Challenges like the Suez Canal crisis, port closures and other delays in inbound shipping, all spurred by the pandemic, resulted in significant supply chain disruptions. In a U.S. Census Small Business Pulse survey earlier this year, 36% of small businesses reported delays with domestic suppliers also. The world relied on successful supply chain programs during the pandemic, and the industry needs innovative thinkers and diverse leadership for organizations to overcome the obstacles we have seen the sector struggle with over the past year.
Why women should pursue roles in supply chain
While diversity, equity and inclusion initiatives have been top of mind for organizations across industries, according to Gartner, women make up only 17% of chief supply chain officers (CSCOs) and less than 40% of the total supply chain workforce.
While often perceived as a male-centric profession, supply chain and logistics roles are perfect for any woman looking to leverage their interpersonal skills and enter a workforce with immense career growth. Talents such as collaboration, decision making, problem solving and multitasking are all crucial in the success of leaders and supply chain programs.
Often, decisions must be made with imperfect information and these essential skills prepare leaders for unexpected challenges and agile execution in sometimes challenging environments. A great example is the variability in demand forecasts as retailers determine the balance of sales between stores and e-commerce. Given the uncertainty, scenario planning is necessary to adapt seamlessly each day. This is a skill women develop early in their career as they often juggle work, school and family demands.
According to a recent survey from the Association of Supply Chain Management, 88% of respondents had a positive outlook on their career. From entry level to the C-suite, the supply chain industry has opportunities for individuals at every stage in their profession. Women early in their career can learn more about the industry at fulfillment centers where packing and shipments are happening in real time, or more experienced leaders can partner with executives on logistics strategy and outcomes.
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Ways businesses can support female development in supply chain
Training and development are essential to retain and grow women in the supply chain sector. It’s important to identify women and other diverse candidates with potential and be intentional about providing opportunities for stretch assignments and growth experiences. For example, giving a fulfillment employee the experience to learn more about financials or to work on a special project to improve efficiency helps equip them for leadership roles and promotions.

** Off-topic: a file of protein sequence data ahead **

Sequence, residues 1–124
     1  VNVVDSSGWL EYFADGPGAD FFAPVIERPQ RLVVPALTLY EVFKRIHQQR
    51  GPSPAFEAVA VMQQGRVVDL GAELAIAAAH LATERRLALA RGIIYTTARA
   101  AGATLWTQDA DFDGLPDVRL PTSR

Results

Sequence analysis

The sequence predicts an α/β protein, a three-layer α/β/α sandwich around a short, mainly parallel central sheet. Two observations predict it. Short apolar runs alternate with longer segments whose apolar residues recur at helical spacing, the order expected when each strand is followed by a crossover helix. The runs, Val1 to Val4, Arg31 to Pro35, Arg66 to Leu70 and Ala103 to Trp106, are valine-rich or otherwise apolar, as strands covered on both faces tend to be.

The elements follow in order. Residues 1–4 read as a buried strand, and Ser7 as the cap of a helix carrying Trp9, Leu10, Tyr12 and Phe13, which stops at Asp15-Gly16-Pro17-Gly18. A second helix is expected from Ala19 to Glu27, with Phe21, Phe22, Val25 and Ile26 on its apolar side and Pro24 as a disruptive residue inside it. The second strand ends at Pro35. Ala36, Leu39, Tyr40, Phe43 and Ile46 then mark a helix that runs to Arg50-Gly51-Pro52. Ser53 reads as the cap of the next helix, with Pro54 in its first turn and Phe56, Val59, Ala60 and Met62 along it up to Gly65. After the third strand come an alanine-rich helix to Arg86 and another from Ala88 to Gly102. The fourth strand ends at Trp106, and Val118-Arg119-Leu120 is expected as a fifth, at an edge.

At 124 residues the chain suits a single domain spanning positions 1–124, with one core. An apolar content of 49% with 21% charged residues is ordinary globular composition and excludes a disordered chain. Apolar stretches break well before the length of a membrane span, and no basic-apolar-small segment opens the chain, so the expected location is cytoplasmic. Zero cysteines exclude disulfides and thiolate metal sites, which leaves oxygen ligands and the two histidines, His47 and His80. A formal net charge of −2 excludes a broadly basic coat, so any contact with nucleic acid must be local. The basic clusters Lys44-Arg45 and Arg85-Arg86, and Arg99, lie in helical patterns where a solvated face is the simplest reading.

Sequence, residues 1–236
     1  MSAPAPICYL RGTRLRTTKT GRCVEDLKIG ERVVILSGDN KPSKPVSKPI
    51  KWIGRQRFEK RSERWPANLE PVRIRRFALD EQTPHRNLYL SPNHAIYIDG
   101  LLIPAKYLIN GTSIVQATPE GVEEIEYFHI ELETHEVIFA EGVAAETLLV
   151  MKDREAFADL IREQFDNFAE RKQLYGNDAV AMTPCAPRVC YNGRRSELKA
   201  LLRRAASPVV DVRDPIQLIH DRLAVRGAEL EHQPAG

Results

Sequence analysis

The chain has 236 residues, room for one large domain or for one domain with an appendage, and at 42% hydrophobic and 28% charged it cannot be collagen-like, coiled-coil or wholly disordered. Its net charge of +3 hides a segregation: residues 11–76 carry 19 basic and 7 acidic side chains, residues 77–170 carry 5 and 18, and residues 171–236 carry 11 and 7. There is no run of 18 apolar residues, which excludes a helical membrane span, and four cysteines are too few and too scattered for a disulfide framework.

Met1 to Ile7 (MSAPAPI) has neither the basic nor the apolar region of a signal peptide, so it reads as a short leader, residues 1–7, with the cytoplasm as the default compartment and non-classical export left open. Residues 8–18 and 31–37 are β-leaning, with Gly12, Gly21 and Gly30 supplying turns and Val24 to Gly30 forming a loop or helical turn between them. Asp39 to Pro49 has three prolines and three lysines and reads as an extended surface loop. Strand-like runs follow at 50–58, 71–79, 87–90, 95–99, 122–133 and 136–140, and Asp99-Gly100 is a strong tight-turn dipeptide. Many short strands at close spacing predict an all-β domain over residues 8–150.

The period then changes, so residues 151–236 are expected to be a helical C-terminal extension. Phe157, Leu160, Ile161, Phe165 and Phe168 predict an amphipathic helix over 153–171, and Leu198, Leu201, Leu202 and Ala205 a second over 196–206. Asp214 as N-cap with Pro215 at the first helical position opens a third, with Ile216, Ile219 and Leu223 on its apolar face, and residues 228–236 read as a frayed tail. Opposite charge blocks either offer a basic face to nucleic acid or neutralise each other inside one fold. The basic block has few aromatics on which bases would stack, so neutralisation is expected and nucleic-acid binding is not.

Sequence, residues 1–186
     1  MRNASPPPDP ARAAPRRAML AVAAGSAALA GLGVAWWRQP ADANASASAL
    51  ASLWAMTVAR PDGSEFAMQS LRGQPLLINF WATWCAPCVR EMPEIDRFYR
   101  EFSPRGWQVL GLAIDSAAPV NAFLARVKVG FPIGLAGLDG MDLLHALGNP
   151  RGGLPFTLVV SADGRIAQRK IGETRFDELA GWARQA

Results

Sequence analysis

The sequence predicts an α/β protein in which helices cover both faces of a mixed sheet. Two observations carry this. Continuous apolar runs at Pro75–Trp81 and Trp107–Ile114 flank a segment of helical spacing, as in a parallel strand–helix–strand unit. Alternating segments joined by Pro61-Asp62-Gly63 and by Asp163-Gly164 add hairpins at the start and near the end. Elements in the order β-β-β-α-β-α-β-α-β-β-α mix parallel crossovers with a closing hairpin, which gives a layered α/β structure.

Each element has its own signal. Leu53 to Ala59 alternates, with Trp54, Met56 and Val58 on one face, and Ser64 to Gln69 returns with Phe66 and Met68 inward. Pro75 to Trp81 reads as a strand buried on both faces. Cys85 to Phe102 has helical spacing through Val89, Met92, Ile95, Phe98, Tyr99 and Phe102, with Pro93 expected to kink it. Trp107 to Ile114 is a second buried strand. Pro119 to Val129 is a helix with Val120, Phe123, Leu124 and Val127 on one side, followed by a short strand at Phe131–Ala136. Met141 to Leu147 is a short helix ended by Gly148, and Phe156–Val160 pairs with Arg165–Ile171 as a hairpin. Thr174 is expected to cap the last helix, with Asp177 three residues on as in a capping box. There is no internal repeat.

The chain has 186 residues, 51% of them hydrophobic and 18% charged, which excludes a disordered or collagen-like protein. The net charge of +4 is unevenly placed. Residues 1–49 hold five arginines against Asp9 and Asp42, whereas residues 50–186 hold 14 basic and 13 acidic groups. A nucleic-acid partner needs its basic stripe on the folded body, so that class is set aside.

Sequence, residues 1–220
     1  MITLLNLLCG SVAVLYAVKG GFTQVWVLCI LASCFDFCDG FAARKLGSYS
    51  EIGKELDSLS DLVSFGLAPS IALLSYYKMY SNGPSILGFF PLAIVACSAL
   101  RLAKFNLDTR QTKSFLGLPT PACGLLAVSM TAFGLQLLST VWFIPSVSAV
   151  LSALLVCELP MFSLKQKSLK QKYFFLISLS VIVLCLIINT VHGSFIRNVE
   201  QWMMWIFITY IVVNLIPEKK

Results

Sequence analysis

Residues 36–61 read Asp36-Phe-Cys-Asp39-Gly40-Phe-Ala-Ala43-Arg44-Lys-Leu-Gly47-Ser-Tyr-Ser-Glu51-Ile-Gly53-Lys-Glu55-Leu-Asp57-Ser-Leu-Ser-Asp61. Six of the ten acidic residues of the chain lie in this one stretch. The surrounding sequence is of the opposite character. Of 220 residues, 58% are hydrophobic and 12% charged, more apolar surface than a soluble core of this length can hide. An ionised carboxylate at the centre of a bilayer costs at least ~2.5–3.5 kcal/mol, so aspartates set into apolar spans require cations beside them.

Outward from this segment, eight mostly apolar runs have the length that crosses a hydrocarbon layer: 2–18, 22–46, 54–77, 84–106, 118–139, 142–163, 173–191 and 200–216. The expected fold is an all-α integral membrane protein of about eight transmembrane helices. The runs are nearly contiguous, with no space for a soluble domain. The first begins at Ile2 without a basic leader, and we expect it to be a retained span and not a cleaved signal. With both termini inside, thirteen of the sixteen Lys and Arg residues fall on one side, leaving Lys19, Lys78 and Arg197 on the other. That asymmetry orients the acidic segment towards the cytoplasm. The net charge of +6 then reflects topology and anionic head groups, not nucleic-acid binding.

Additionally, mentorship and education play a large role in changing women’s perception of a career in supply chain. It’s important that younger generations see successful women in logistics roles that challenge traditional, outdated gender norms. Current female leaders in the supply chain industry should be engaging in conversations about their experience in the industry and encourage others to pursue opportunities in the sector. Participating in industry events and discussing challenges and opportunities for women in the industry, sharing activity and starting conversations on social as well as joining communities and networks focused on connecting and supporting women executive leaders.
Successful supply chain programs have female representation
The supply chain industry needs more innovative thinkers and strong leaders that come to the table with creative ideas. The challenges faced by logistics organizations as the pandemic continues only highlight how important problem solving and decision-making skills are during the current crisis.
During challenging times, it is essential to have diversity in thought to overcome obstacles some of which have not been seen by the industry before. Problems this past year including shortage of shipping containers and the availability of labor, need great minds to bring creative solutions. Prioritizing the hiring of people from different backgrounds and embracing different races, genders and sexual orientation will only lead to business success.
Diversity should be a core element of an organization’s business strategy and gender inclusivity is essential to training and development. Female leadership resonates with teams and clients because diversity creates stronger collaboration, creativity and a more positive workplace environment.
The past year has accelerated the shift to e-commerce and there is a challenge for people to do things differently and to adapt quickly. The time for change is now and women leaders are at the forefront of supply chain success.
The evolution of e-commerce retail has provided a multitude of opportunities where diverse candidates across multiple corresponding industries, including supply chain, where they can showcase their leadership and interpersonal talents in an industry that encourages training and ongoing career growth. Engaging in conversations that challenge the traditional stereotypes of supply chain careers is essential for progress towards closing the gender gap for women in the industry.